Methadone treatment for opioid dependency in Australia dates back to 1969, when a medical practitioner in New South Wales first began prescribing it. The apparent rise in illnesses, crime and death associated with opioids during the 1980's led to methadone maintenance being endorsed as an effective method of treatment in 1985.
Methadone maintenance treatment is now available in every Australian State and Territory with the exception of the Northern Territory. The growth in the number of clients since its inception has been accompanied by a diversity in treatment settings, and an increasing role for the private sector in the provision of services. In 1993, a National Methadone Policy was adopted, based on National Methadone Guidelines which had been operational since 1987. The policy reflects a national position on the role of methadone, and provides core operational procedures to guide the provision of services. The policy was endorsed by the Ministerial Council on Drug Strategy in 1993, and is distributed widely throughout Australia.
The goals for methadone treatment as identified in the policy are:
"to reduce the health, social and economic harms to individuals and the community associated with illegal opioid use."
The key objectives to achieve these goals are:
- "to reduce unsanctioned opioid use;
- to reduce other unsanctioned drug use;
- to improve the health of clients;
- to help reduce the spread of infectious diseases associated with illegal opioid use, especially HIV/AIDS and Hepatitis B and C;
- to reduce deaths associated with illegal opioid use;
- to reduce crime associated with illegal opioid use; and
- to facilitate an improvement in social functioning."
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Accompanying these changes has been an increasing role for the private sector in the provision of services which has been funded through Medicare. This led to concern in the Commonwealth Department of Human Services and Health about the increasing costs this incurs to the Commonwealth, and a perceived imbalance in the agreed cost-sharing arrangements with the States. In 1989, an inquiry into funding arrangements for methadone maintenance treatment recommended a new funding formula for public and private services, but failed to gain national agreement.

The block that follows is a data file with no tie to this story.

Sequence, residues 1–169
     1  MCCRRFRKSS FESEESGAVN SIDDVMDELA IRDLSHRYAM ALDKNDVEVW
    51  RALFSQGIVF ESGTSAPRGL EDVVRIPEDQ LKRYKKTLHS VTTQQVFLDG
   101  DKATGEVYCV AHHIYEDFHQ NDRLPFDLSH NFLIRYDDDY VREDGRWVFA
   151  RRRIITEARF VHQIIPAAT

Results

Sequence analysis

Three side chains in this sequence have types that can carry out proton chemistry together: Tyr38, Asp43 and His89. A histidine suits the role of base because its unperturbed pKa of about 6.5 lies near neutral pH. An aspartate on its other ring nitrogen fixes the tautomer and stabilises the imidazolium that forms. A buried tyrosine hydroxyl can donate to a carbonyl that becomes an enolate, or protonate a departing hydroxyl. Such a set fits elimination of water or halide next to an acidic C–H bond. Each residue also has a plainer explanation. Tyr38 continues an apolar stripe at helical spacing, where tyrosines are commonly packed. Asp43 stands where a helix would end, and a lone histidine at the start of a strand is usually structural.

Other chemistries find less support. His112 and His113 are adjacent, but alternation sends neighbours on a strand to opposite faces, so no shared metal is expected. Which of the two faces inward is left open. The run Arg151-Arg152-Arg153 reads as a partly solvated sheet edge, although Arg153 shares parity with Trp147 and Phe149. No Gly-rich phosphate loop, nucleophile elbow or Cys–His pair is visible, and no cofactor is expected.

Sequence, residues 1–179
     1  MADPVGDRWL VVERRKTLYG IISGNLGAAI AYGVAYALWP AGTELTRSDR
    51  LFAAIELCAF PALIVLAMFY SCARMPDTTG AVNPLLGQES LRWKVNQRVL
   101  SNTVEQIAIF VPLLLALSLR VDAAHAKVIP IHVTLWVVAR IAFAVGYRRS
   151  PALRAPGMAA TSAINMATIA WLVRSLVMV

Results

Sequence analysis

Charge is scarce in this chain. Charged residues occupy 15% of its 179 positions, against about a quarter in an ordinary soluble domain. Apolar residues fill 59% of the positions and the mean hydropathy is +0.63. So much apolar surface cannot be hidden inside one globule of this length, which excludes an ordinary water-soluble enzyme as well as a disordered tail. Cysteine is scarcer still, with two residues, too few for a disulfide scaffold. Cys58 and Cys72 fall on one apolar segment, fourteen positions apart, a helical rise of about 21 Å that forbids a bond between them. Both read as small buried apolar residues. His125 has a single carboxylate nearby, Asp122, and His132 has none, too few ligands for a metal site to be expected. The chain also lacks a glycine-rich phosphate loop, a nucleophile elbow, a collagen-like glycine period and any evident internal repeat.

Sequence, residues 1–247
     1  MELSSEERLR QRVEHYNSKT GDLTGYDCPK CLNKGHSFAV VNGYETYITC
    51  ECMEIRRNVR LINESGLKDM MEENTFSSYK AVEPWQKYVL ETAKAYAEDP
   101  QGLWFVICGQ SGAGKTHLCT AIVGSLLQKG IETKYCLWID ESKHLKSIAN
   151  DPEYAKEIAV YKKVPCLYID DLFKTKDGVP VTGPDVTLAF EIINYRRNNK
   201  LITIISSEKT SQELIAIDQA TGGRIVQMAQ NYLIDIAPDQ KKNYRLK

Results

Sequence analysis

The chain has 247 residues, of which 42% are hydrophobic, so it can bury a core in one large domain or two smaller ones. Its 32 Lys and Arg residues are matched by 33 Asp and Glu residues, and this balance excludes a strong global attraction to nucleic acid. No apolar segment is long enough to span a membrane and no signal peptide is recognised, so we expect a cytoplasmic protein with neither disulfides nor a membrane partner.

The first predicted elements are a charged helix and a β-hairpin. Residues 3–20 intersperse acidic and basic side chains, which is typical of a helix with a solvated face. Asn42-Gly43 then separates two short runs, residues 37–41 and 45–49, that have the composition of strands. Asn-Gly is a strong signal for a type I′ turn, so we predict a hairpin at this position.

The private sector is now seen by some as providing the major means of expanding methadone maintenance treatment in most jurisdictions. This has resulted from increased client demand, and the limited capacity of the public sector to respond to this demand. However, the diversity of settings and service providers participating in methadone maintenance, including private general practitioners and psychiatrists, purpose built clinics catering for large numbers of clients, and community pharmacies has led to a complex service environment. This is made even more complex by the interaction between the public and private sectors, resulting in sharing of clinical responsibilities and costs.
The increasing role of the private sector offers many advantages, particularly in regard to improved client access to services and equity. At the same time, there is a need to ensure that services are provided in a cost-effective manner, and at a standard which is commensurate with client safety and care needs. This review has been undertaken to address the service delivery infrastructure and funding mechanisms, and to make recommendations on how these aspects of service delivery and management may be improved. The Terms of Reference for the review are provided in the following section.
An important part of the review has been the examination of the comparative effectiveness of alternative service delivery models in the public and private sectors and their associated costs. This required the collection of data relating to both the clinical outcomes of treatment, and the costs associated with the achievement of those outcomes. Both these dimensions are addressed in the report. However, reliable data on the costs of methadone treatment services provided in both the public and private sectors in most jurisdictions in Australia are difficult to obtain. In the public sector, this is due primarily to the fact that the costs of methadone services are often included with those of other drug and alcohol services, and are not separately identified. In the private sector, the fact that methadone services are not separately identified in the Commonwealth Medicare Benefits Schedule (CMBS) makes it difficult to identify their costs. For these reasons, estimates of costs have been made based on information provided by State and Territory health authorities, together with data from the Health Insurance Commission and private practitioners on treatment profiles and their associated costs in the private sector.
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